Saturday, September 6, 2014
Since Delaware decisions like Boilermakers Local 154 Ret. Fund v. Chevron Corp., 73 A.3d 934 (Del. Ch. 2013) and ATP Tour, Inc. v. Deutscher Tennis Bund, 91 A.3d 554 (Del. 2014), there have been renewed calls for corporations to amend their charters and/or bylaws to require that shareholder lawsuits – including securities lawsuits – be subject to individualized arbitration.
This is actually a big interest of mine – I’m currently working on a paper concerning the enforceability of arbitration clauses in corporate governance documents. Critically, I do not believe these decisions support the notion that arbitration provisions can control securities claims – at best, they suggest that arbitration provisions in corporate governance documents can control governance claims (i.e., Delaware litigation – concerning directors’ powers and fiduciary duties).
[More under the cut]
For the past several years, various commenters have proposed that all shareholder claims – both governance claims brought under state law, and securities claims – be arbitrated, rather than litigated. This could be accomplished, the argument has proceeded, by including an arbitration clause in the corporation’s charter and/or bylaws. Corporate charters and bylaws have often been described as “contracts,” and the Federal Arbitration Act (FAA) requires that “contracts” for arbitration be enforced according to their terms.
In cases like AT&T Mobility v. Concepcion (2011) and American Express Co. v. Italian Colors Restaurant (2013), the Supreme Court held that under the FAA, contractual arbitration clauses are enforceable even if they require that claims be brought on an individual, rather than class, basis. Therefore, it has been proposed that corporate governance documents could similarly require that all shareholder claims be arbitrated individually – thus essentially allowing the corporation to opt out of class action liability.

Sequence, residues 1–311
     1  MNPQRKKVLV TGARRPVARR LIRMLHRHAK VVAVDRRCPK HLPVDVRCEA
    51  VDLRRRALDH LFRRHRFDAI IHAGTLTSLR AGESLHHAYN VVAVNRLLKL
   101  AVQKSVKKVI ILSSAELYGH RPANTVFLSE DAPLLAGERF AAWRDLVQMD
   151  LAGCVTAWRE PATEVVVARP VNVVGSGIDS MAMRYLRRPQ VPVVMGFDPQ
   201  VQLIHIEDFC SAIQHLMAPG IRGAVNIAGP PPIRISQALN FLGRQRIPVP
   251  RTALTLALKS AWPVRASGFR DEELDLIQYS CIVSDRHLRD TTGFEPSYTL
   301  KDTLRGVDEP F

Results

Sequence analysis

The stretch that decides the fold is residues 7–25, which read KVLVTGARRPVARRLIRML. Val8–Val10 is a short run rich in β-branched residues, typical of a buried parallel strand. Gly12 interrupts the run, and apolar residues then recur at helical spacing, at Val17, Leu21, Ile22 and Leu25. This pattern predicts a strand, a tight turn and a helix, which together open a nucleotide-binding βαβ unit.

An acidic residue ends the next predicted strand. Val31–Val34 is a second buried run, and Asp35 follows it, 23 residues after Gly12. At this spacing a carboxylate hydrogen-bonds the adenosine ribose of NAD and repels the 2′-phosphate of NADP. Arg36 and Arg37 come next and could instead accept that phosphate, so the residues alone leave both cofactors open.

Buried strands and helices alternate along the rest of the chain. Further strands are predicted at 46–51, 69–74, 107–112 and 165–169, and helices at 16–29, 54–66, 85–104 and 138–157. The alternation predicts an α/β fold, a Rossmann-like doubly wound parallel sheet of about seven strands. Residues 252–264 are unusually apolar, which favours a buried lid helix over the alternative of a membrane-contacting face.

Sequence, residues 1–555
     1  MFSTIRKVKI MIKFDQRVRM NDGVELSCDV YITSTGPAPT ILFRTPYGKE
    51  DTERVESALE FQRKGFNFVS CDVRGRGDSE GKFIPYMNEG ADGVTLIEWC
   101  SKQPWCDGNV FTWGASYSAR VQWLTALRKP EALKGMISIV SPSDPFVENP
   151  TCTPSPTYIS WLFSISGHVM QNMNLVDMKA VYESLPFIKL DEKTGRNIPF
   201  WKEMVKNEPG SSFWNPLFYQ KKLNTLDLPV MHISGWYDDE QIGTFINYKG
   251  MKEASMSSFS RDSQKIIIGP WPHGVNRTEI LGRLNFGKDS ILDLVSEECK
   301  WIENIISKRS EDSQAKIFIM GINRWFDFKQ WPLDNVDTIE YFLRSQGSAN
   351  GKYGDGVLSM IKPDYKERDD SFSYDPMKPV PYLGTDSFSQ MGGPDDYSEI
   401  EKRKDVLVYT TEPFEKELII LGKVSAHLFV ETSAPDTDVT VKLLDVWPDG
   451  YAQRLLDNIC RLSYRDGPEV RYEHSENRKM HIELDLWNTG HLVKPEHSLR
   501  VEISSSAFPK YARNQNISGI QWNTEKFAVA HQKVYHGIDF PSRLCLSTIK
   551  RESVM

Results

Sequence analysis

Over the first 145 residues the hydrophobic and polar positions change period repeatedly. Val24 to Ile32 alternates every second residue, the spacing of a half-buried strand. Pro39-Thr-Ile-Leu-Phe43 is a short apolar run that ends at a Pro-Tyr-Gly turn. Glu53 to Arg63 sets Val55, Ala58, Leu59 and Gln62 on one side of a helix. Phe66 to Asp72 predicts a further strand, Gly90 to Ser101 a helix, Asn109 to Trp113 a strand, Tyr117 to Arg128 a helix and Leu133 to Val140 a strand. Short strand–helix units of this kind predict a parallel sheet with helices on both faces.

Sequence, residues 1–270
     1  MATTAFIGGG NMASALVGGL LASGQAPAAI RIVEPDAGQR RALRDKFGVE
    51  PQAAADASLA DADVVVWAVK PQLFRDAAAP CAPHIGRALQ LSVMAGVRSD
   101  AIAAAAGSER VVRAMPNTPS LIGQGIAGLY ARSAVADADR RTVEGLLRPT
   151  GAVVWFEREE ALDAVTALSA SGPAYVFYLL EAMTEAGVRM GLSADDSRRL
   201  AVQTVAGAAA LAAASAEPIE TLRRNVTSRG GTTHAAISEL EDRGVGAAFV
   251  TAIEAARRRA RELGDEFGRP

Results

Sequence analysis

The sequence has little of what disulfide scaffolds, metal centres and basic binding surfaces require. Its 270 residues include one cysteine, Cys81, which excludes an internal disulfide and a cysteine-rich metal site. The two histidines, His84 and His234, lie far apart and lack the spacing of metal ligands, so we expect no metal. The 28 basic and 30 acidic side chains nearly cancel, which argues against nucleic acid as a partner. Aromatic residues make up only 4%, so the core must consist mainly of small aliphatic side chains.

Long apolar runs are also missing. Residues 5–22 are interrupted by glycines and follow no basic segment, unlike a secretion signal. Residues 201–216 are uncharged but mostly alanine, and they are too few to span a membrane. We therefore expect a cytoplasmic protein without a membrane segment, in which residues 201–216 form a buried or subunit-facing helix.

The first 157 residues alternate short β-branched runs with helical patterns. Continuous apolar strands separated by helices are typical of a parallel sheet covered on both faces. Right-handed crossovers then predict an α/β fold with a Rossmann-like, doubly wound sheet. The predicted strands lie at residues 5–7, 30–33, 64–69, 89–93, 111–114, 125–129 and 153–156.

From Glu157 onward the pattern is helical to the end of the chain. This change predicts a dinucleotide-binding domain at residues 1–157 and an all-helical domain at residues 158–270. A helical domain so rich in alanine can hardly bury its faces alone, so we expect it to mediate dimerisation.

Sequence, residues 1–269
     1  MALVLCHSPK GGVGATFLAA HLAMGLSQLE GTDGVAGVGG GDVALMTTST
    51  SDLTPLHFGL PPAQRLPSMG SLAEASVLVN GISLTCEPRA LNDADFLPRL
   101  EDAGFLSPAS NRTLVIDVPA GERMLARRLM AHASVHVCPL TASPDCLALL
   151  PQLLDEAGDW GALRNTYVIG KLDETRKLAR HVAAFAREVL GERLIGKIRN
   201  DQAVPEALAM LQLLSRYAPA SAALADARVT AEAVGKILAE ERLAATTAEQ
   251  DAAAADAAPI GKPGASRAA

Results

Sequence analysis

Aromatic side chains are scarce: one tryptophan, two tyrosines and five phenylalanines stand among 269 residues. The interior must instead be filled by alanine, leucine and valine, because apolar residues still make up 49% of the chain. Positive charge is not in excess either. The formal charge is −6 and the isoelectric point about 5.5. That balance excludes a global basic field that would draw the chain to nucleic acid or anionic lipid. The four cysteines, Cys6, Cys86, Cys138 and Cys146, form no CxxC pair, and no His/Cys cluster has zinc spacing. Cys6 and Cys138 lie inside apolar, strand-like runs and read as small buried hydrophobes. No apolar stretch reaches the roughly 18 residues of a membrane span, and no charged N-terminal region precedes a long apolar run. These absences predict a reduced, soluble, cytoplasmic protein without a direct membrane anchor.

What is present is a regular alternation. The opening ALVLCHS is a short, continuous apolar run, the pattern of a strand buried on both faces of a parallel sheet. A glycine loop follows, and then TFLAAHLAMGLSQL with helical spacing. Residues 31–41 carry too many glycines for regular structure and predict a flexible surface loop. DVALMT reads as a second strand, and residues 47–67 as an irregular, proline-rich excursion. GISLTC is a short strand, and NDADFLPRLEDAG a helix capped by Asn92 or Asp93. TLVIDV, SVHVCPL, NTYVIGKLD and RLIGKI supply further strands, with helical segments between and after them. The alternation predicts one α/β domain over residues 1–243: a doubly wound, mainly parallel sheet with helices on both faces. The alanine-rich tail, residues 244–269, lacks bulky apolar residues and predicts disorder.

In Boilermakers Local 154 Ret. Fund v. Chevron Corp., 73 A.3d 934 (Del. Ch. 2013), the Delaware Chancery Court held that a forum selection clause inserted in a corporate bylaw would be binding on all shareholders; and in ATP Tour, Inc. v. Deutscher Tennis Bund, 91 A.3d 554 (Del. 2014), the Delaware Supreme Court similarly held that corporate bylaws can contain fee-shifting provisions requiring that unsuccessful plaintiffs reimburse the defendants’ attorneys’ fees and costs.
These decisions inspired a renewed push for corporations to adopt arbitration clauses. For example, in the wake of Boilermakers, Hal Scott and Leslie Silverman wrote an article in the National Law Journal arguing in favor of arbitration clauses as a way of eliminating federal securities class actions. Claudia H. Allen has a piece forthcoming in the Delaware Journal of Corporate Law arguing that such clauses are valid and enforceable, both as to securities claims and governance claims.
Additionally, as I previously posted, two separate courts recently upheld an arbitration clause contained in the bylaws of the publicly-traded CommonWealth REIT. In particular, the District of Massachusetts enforced the clause as applied both to state law governance claims, and federal securities claims. (Eventually, an arbitral panel held for the shareholders on some of the governance claims, but rejected their securities claims.)
The problem is that Boilermakers was very adamant that the forum selection clauses at issue only applied to intra-corporate litigation, i.e., governance claims. As then Vice Chancellor Strine wrote: